Video: Kate Nash – “Fri-End?”

Stereogum chats with Charli XCX, who finally makes her local headlining debut at Wrongbar on November 9.

Though it won’t appear on Cupid Deluxe when it comes out November 19, any new music from Blood Orange – including this Babyface and Toni Braxton cover with Samantha Urbani of Friends – is only a good thing.

Stream: Devonté Hynes & Samantha Urbani – “Hurt U”

Frank Turner isn’t kidding when he says he loves playing Canada. After doing two shows here for TURF back in July, he’s back for a gig at the Sound Academy on December 3; tickets are $23.50 general admission and $37.50 VIP balcony.

Video: Frank Turner – “Oh Brother”

London pysch-kraut outfit Toy have announced the December 9 release of their second album Join The Dots, a follow up to last year’s solid self-titled debut. DIY has details and the title track from the album has been made available to stream.

Stream: Toy – “Join The Dots”

Hot Minute gets to know The High Wire, who will release a new album early in the new year.

The new video from Travis‘ latest Where You Stand could double as an iPhone 5S commercial because it was shot entirely on the mobile phone. Drowned In Sound has the premiere and with it, details on how it was done.

Video: Travis – “Mother”

The Guardian has premiered a new video from Summer Camp’s just-released-in-North America self-titled effort.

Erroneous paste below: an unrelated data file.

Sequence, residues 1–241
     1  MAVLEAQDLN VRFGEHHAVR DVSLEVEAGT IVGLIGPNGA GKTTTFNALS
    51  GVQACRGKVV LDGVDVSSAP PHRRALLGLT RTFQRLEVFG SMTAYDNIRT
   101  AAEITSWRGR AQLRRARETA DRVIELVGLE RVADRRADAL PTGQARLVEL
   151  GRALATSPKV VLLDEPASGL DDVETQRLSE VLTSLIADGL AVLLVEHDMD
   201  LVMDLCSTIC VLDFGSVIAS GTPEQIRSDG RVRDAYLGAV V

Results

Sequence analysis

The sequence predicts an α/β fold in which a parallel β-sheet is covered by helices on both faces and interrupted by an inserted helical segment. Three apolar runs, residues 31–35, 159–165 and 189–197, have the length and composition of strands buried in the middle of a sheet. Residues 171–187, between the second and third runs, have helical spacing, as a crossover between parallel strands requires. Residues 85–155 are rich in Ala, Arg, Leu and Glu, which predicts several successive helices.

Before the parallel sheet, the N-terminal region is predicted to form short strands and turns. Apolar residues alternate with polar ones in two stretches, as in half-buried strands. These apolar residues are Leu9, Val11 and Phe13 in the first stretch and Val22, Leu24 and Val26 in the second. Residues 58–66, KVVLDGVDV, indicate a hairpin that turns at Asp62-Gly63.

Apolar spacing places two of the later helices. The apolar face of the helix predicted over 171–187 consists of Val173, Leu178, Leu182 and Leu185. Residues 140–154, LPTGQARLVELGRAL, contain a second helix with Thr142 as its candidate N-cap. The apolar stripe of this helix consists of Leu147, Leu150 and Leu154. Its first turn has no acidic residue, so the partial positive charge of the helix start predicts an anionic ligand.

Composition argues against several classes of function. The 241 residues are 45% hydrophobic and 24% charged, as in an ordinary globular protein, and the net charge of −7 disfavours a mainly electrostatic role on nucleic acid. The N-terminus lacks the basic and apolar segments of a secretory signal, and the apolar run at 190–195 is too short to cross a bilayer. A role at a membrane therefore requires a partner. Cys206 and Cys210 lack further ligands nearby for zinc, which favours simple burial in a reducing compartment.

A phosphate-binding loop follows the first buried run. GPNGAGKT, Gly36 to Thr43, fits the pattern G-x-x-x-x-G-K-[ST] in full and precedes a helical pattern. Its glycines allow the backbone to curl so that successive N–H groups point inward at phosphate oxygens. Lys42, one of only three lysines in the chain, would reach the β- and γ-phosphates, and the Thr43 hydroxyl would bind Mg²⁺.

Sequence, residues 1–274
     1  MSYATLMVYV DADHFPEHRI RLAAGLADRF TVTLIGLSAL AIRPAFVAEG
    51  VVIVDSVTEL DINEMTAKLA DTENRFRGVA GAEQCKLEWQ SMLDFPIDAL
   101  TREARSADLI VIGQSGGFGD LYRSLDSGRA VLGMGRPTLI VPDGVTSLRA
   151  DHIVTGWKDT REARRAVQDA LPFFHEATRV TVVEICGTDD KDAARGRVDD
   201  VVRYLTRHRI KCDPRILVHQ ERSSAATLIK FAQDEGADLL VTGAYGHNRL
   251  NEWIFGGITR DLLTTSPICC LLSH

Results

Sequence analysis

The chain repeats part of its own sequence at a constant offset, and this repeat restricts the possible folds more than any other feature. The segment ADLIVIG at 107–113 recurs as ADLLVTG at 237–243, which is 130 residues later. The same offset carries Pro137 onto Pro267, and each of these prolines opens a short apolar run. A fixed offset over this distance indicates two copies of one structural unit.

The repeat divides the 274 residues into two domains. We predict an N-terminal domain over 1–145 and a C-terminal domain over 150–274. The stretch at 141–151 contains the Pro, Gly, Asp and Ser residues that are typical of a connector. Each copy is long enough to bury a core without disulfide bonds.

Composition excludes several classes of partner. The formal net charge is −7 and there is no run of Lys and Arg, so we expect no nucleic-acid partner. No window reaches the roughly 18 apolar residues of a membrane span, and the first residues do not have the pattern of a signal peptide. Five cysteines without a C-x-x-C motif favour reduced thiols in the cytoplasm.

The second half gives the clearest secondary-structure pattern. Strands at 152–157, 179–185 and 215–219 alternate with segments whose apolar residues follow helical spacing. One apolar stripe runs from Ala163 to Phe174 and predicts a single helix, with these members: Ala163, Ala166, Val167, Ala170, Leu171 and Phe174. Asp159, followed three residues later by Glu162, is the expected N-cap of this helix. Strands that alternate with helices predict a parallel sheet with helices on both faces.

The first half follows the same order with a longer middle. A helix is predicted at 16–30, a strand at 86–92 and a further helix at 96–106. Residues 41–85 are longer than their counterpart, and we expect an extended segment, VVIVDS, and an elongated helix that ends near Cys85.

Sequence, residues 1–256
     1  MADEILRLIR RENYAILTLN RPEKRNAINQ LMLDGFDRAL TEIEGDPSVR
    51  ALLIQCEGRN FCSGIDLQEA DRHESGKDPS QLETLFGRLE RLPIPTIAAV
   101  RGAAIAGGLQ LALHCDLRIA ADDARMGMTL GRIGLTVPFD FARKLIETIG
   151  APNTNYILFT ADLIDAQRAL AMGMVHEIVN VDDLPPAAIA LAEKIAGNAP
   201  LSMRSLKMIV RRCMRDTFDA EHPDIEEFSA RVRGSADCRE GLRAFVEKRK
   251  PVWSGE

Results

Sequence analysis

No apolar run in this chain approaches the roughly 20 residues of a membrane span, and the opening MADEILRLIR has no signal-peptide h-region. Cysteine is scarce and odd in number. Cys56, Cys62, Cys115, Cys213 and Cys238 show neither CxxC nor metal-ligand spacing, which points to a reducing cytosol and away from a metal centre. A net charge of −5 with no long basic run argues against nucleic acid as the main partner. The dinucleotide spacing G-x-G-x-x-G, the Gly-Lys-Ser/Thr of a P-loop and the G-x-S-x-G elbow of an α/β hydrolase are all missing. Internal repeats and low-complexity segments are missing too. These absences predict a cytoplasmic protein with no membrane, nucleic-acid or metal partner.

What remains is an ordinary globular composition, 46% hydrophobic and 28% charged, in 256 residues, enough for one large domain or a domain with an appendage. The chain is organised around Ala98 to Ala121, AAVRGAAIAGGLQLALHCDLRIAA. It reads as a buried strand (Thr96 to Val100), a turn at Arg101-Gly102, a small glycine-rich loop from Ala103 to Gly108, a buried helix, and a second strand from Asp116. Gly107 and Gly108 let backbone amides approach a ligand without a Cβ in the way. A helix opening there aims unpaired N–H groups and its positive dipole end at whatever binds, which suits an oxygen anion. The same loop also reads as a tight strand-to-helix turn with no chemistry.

Video: Summer Camp – “Two Chords”

British Sea Power have rolled out a new video from their latest album Machineries Of Joy. The Sunderland Echo looks into the inspiration for the song and clip.

Video: British Sea Power – “Monsters Of Sunderland”

Little Boots has premiered a new video from Nocturnes over at Nylon. CNet also asks Victoria Hesketh about her favourite smartphone apps.

Video: Little Boots – “Shake”

Boiler Room has a video session with CHVRCHES.

Under The Radar and FasterLouder talk to London Grammar.

Under The Radar (the New Zealand one) and Metro (the English one) have interviews with Anna Calvi.

Veronica Falls have decided to mark their upcoming Australasian tour with the release of a new song. Listen to said song now.

Stream: Veronica Falls – “Nobody There”

GQ declares Noel Gallagher one of its men of the year, presumably just to score an interview and get him to say batshit things. Mission accomplished.

For Folks Sake have an amiable little chat with Johnny Flynn.

Delirium On Helium talks to Nicky Wire of Manic Street Preachers.

Swedish electro-pop artist Elliphant has released a new video from what one assumes will be a full-length album someday.

Video: Elliphant – “Could It Be”

WNYC welcomes Icelandic composer Ólafur Arnalds for a session.

Wired talks music and technology with Björk.

Exclaim has details on the kidnapping drama that has prompted Spanish dance-pop band Delorean – who are fine now – to cancel their North American tour, including tonight’s date at The Horseshoe. The new date is February 20 at The Hoxton and the rest of the rescheduled tour dates can be had at Exclaim.

Phoenix’s episode of Austin City Limits is available to stream online for a limited time.